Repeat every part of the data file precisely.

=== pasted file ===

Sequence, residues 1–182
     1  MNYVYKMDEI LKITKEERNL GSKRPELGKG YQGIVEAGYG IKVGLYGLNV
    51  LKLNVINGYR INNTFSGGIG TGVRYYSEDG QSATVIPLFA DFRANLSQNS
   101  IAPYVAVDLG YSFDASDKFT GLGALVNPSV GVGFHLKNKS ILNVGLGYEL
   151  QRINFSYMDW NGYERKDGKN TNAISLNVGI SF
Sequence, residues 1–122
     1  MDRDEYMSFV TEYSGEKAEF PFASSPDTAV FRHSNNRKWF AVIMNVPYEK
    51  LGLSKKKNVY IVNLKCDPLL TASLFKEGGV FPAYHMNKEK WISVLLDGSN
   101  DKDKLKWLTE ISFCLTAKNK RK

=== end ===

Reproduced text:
Sequence, residues 1–182
     1  MNYVYKMDEI LKITKEERNL GSKRPELGKG YQGIVEAGYG IKVGLYGLNV
    51  LKLNVINGYR INNTFSGGIG TGVRYYSEDG QSATVIPLFA DFRANLSQNS
   101  IAPYVAVDLG YSFDASDKFT GLGALVNPSV GVGFHLKNKS ILNVGLGYEL
   151  QRINFSYMDW NGYERKDGKN TNAISLNVGI SF
Sequence, residues 1–122
     1  MDRDEYMSFV TEYSGEKAEF PFASSPDTAV FRHSNNRKWF AVIMNVPYEK
    51  LGLSKKKNVY IVNLKCDPLL TASLFKEGGV FPAYHMNKEK WISVLLDGSN
   101  DKDKLKWLTE ISFCLTAKNK RK